Building on Case Analysis

  • B. Guy Peters
Part of the Comparative Government and Politics book series (CGP)


The preceding chapter has pointed to the utility, and some of the potential pitfalls, of case studies in comparative analysis. One of the major issues is that each case is only a case, and it is difficult to build any theoretical generalisations from the individual cases. Any one case may be conducted extremely well, and be very valid as a representation of the reality that it investigates. The problem may be that it is also very atypical of the population of similar cases, whether that population is within a single country or across a number of countries. The probability that a case is atypical is higher in comparative research, given that there is almost certainly more variance within the more diverse population of instances that are likely to be encountered, so the need to move beyond single cases is more important in this area of the discipline.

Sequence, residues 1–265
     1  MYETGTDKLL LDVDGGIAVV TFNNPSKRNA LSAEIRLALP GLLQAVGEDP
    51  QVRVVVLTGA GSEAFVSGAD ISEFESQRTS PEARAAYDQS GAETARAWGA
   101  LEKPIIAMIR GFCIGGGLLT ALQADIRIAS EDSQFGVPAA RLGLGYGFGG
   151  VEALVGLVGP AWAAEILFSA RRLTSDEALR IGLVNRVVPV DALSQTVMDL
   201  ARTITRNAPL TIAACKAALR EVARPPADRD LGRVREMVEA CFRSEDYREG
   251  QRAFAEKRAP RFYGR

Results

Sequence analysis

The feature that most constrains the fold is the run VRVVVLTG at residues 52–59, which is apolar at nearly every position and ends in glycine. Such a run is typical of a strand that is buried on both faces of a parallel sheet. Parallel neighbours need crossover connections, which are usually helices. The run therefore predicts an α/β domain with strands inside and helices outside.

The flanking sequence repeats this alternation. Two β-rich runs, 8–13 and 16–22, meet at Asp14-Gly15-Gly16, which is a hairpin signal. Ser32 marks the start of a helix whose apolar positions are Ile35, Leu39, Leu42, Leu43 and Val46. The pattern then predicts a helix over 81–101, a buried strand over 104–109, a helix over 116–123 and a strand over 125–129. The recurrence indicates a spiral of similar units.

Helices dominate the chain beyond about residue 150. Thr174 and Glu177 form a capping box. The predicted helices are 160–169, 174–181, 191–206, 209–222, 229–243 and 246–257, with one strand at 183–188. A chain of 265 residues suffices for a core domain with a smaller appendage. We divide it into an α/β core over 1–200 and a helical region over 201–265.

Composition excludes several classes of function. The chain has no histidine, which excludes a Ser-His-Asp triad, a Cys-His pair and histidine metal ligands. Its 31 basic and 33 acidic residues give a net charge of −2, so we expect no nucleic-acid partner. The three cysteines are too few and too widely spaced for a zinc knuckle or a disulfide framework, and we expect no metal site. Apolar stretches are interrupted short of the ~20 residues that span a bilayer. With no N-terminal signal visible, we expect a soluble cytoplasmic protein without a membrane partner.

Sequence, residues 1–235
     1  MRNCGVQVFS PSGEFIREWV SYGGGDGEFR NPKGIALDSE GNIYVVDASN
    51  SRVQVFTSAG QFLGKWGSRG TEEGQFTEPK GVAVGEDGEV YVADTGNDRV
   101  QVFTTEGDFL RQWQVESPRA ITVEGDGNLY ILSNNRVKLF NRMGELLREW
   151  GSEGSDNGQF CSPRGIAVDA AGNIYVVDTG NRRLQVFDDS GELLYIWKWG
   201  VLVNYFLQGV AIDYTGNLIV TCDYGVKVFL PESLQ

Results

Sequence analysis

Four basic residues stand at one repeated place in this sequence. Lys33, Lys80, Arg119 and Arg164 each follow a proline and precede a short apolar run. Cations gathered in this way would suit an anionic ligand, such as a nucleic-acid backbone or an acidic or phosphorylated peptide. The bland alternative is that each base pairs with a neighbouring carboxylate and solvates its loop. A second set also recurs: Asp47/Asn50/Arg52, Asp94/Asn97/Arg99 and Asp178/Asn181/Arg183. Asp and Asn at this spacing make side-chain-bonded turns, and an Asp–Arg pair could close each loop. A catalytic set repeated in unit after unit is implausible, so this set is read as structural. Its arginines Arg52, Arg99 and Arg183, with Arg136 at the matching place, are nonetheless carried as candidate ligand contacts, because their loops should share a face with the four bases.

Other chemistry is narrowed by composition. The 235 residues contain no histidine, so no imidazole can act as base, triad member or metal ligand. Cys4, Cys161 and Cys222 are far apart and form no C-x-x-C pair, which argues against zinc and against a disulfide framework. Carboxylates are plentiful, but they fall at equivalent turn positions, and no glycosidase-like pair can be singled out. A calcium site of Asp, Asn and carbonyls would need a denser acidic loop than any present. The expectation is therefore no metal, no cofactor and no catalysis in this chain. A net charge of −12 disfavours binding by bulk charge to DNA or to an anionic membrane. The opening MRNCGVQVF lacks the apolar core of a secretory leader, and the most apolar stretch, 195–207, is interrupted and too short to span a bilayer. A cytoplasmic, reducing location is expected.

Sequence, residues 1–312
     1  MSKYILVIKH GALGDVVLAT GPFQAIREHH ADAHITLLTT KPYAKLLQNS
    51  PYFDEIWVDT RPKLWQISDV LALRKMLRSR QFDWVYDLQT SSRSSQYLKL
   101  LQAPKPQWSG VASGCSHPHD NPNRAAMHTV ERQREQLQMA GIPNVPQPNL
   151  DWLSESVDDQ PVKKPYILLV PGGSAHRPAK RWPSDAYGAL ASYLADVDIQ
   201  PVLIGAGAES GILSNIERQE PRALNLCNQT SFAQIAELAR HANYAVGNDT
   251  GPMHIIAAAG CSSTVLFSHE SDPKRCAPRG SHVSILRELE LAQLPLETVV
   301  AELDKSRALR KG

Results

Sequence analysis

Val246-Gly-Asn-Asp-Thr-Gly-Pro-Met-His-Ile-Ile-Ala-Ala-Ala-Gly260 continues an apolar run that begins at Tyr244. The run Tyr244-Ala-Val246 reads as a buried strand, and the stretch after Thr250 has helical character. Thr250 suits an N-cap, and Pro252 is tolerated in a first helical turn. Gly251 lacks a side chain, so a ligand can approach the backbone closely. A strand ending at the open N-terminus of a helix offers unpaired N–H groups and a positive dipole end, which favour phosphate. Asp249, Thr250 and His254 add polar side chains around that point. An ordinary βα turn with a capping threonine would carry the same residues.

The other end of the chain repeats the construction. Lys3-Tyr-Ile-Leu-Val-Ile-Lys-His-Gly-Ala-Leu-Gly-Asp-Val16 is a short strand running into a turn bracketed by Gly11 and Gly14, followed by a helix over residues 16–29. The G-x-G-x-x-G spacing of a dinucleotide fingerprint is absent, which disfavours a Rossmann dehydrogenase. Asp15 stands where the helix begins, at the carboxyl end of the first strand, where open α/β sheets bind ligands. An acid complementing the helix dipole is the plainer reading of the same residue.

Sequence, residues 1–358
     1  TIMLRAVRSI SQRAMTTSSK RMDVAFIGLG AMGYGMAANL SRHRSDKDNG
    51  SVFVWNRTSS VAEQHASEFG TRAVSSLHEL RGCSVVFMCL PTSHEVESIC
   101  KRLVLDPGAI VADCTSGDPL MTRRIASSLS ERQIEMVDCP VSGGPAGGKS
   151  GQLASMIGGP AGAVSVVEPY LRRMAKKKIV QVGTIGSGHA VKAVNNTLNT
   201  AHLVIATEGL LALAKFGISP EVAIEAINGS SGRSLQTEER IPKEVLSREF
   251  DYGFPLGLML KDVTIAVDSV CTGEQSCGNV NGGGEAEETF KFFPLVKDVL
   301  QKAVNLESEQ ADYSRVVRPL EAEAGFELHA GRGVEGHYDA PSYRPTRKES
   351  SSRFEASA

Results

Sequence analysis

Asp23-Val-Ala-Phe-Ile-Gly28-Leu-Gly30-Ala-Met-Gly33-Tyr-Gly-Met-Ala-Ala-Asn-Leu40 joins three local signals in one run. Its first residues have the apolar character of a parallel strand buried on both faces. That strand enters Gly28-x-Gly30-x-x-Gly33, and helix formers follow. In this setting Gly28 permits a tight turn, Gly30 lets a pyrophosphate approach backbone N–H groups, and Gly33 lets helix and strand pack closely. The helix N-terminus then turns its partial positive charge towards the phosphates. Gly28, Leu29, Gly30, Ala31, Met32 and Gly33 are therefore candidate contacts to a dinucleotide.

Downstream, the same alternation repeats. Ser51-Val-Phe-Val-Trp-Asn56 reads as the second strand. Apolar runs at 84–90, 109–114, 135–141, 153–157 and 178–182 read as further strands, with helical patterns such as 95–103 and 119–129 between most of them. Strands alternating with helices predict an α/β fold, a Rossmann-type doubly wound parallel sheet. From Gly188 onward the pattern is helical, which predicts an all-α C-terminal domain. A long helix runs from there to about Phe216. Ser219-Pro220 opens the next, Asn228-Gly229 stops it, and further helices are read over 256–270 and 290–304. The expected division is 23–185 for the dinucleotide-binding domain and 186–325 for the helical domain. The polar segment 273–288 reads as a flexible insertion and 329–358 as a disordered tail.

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© B. Guy Peters 1998

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  • B. Guy Peters

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